Your body is central to your spiritual life. In fact, to say it’s the locus of your spiritual transformation is not an understatement.
Lately, I’ve noticed an odd disconnect, though. A growing emphasis on healthy lifestyles is leading to a fitness revolution, especially among young people in North America. Take a look around. People are in better shape than they’ve ever been. Chiseled bodies used to belong mainly to bodybuilders and famous actors. Now it’s your neighbor jogging down the street. Recall Dallas Willard’s “VIM” acronym: With the vision, intention, and means, it’s possible to transform your body, inculcate healthier habits, and an overall healthier lifestyle.
And yet we’re more psychologically fragile than we’ve ever been. Today, our tacit assumption is that any kind of emotional distress is deeply harmful. Life, of course, is filled with emotional distress, some of it bad, some of it helpful and necessary. For instance, developing the mental fortitude to countenance foreign viewpoints and ideas is often deeply painful, but also richly rewarding. In fact, learning any new skill, from carpentry to calligraphy, is going to require overcoming various levels of resistance. This is good, necessary pain. Building a shoddy birdhouse or having a political disagreement with your in-laws should not be an occasion for despair; it should be an opportunity for growth.
The theologian Stanley Hauerwas once quipped that the great enemy of the North American church is not secularism, but sentimentalism. How else to explain our total shock when things go drastically wrong. Have we forgotten that this is in fact a fallen world? Do we really think our households will somehow be the glowing exceptions—that we alone will make it through unscathed to perish quietly in our sleep? If pain is inevitable, any approach that tries to deny it or conquer it is a fool’s errand. Hear me carefully: I’m recommending neither a path of stoicism nor masochism. Instead, I’m suggesting we begin with a realistic mindset about the human condition and prepare accordingly. If suffering and death are inevitable—a question not of if but when—we need to prepare to respond with righteousness when that day arrives.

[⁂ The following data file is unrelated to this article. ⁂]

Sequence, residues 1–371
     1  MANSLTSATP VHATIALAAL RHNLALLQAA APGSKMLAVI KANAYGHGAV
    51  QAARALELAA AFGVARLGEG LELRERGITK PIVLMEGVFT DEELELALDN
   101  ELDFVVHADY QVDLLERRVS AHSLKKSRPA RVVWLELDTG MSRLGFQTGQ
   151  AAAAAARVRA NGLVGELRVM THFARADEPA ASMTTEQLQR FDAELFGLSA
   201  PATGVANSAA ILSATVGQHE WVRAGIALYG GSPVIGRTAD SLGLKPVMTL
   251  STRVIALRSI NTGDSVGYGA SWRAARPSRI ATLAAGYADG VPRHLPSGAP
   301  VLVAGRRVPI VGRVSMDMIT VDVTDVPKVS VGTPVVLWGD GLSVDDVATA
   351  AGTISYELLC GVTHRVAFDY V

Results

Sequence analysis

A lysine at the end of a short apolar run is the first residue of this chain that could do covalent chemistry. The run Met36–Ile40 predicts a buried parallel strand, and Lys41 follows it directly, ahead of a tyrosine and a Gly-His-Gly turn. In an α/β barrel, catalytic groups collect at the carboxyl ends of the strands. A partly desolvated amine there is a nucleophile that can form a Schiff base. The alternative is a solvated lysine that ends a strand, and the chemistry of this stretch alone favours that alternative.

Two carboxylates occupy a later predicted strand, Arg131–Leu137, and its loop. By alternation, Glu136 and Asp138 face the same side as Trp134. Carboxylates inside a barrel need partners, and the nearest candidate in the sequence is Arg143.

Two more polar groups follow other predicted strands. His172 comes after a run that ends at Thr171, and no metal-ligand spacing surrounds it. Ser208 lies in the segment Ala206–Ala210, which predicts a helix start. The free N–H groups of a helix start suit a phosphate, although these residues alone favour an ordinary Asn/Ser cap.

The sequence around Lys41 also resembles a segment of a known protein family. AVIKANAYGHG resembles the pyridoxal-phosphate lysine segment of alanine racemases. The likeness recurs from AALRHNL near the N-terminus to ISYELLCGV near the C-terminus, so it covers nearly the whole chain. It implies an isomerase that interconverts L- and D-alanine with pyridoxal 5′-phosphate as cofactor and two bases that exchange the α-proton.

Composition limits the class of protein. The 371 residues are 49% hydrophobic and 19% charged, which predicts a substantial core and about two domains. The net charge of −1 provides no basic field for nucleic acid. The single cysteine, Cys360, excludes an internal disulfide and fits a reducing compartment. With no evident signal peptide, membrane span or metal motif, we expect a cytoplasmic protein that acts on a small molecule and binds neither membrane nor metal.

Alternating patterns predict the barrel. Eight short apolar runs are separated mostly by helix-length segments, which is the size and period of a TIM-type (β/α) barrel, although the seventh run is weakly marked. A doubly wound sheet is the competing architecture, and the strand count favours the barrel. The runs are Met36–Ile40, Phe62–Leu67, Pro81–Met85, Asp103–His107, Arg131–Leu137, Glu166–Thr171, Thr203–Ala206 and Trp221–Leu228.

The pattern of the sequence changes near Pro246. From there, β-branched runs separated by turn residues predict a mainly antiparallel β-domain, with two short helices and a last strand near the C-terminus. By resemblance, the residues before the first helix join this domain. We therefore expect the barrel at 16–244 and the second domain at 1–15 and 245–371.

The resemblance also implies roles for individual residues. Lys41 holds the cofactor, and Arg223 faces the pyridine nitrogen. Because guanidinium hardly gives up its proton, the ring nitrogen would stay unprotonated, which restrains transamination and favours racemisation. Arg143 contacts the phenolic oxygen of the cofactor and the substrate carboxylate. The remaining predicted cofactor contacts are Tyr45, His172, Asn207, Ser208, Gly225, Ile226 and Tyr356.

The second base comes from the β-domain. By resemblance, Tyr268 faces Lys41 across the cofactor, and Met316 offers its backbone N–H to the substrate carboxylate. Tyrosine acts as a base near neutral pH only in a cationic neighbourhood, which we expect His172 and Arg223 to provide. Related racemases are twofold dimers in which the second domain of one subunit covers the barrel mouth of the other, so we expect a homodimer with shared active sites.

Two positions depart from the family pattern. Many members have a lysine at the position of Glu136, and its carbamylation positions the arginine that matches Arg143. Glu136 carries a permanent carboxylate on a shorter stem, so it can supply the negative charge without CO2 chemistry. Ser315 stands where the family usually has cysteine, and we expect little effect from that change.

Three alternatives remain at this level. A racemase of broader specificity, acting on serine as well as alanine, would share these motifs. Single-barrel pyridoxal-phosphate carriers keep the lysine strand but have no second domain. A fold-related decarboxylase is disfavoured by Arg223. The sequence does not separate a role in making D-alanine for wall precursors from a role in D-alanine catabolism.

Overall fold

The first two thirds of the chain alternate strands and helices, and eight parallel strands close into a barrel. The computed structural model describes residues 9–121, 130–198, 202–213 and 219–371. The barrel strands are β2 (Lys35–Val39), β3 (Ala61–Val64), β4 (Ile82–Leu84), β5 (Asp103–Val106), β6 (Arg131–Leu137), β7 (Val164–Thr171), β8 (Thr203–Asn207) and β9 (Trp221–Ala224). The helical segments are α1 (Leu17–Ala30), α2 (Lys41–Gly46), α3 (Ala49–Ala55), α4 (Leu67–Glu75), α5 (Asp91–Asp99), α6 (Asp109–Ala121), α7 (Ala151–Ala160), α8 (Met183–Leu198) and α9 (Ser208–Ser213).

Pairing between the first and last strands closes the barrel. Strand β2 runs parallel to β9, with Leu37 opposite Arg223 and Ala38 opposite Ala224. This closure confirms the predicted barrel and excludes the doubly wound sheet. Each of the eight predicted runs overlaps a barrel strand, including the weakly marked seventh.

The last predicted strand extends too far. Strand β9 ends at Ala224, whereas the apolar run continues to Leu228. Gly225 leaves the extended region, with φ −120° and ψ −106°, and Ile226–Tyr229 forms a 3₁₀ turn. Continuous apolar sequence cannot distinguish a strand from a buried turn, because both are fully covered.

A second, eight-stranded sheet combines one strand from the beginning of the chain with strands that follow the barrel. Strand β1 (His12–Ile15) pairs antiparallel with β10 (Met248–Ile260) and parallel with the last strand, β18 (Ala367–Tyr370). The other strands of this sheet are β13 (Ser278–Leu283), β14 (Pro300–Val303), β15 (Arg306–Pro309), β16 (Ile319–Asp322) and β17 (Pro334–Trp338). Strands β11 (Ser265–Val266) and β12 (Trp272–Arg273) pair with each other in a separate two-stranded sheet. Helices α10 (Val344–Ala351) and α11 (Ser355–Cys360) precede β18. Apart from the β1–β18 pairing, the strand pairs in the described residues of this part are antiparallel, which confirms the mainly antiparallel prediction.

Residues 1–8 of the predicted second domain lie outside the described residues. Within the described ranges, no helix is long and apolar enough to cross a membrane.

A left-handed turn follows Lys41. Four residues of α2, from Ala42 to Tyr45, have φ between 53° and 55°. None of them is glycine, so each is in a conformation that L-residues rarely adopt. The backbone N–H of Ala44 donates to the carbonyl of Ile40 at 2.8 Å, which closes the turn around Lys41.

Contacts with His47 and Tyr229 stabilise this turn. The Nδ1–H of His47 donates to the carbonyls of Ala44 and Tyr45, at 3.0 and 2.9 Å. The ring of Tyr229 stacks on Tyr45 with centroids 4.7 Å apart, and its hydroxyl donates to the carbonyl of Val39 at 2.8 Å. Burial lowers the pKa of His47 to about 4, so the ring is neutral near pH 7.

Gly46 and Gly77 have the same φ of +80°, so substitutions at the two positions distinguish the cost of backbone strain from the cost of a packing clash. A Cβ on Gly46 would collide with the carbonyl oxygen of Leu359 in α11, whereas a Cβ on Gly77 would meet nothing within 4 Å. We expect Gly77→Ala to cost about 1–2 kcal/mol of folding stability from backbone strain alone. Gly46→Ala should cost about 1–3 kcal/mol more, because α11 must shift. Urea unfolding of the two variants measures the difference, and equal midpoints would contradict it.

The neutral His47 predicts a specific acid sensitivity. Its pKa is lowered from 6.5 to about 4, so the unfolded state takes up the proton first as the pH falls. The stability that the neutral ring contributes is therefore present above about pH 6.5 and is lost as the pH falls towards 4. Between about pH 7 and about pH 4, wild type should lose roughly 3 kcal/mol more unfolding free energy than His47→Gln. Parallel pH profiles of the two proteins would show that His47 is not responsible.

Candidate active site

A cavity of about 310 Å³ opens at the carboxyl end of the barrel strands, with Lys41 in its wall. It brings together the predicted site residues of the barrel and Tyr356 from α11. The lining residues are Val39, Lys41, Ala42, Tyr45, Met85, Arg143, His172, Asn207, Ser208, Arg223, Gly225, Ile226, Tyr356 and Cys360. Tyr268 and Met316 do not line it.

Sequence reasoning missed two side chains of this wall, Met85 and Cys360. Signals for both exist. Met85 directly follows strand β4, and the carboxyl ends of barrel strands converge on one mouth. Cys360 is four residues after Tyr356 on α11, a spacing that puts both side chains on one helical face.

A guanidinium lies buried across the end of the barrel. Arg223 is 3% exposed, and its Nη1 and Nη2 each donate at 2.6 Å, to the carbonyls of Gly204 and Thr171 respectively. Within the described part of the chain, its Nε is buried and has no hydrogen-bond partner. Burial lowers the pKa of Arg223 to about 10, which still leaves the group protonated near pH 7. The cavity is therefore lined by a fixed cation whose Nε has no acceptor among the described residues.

The odd disconnect I’m highlighting involves the failure to recognize that our hearts and minds exhibit the same plasticity as our bodies. True, the burgeoning field of neuroscience now pays a great deal of attention to this phenomenon, but most of the general public have yet to internalize its findings. The reason is simple: We don’t take our spiritual lives seriously.
But I’m here to remind you that your spirit is every bit as transformable as your physical body. I’m also going to make the case that this endeavor can’t begin anywhere other than your body. As Willard points out, your body is your little “power pack” for navigating this world. It’s the basis of all your activities and interactions. So, if you want to make Christlikeness your goal (vision), you need to make obedience to his commands central (intention).
As you may have noticed, simply trying to imitate Christ’s actions in the moment of crisis is every bit as pointless as trying to replicate the success of a famous athlete by aping their actions on the field or court. Behind major feats of athleticism lies an intense regimen of discipline and practice. The same holds true for Christlike behavior. Hear me carefully as I draw once again from Willard: If our aim is simply to imitate Jesus’s actions, we’ll either end up as legalists or give up in deep frustration. Rather, our aim needs to be to become the kind of person who follows Jesus’s commands, especially in times of crisis. In order to do that, we have the spiritual disciplines (means). These wonderful strategies for inculcating Christlikeness have the potential to transform your spirit every bit as much as a gym can serve as a means of transforming your physical body.
Let me leave you with what are arguably three of the most important of the spiritual disciplines, namely, solitude, Scripture reading, and prayer. Practiced with consistency, these three alone can revolutionize your attitude and behavior. Solitude will be painful at first, forcing you to confront everything you’re drowning out with the incessant noise of our culture. (In my experience, it’s usually more than you think.) Once you’ve faced the reality of your actual inward condition, you’ll be in a much better position to hear from God, which is where Scripture comes in. The central place that our Lord has chosen to speak to us is in his word. The problem is often that noise and overfamiliarity make it hard for us to hear. We’re simply too distracted. Once you’ve “cleared your ears,” so to speak, God’s word will reach you in new and penetrating ways (Hebrews 4:12-13). Finally, prayer ought to be the central activity of our days. Not only does it give us the chance to hallow the name of our Lord, confess our sins, ask for what we need, and surrender our wills to him. It helps us to cultivate a constant awareness of God’s presence. This is part of what Paul is getting at when he instructs us to “pray without ceasing” (I Thessalonians 5:17).
If you’re not doing so already, give these disciplines a try for the next week and see what happens. I think you’ll be blown away.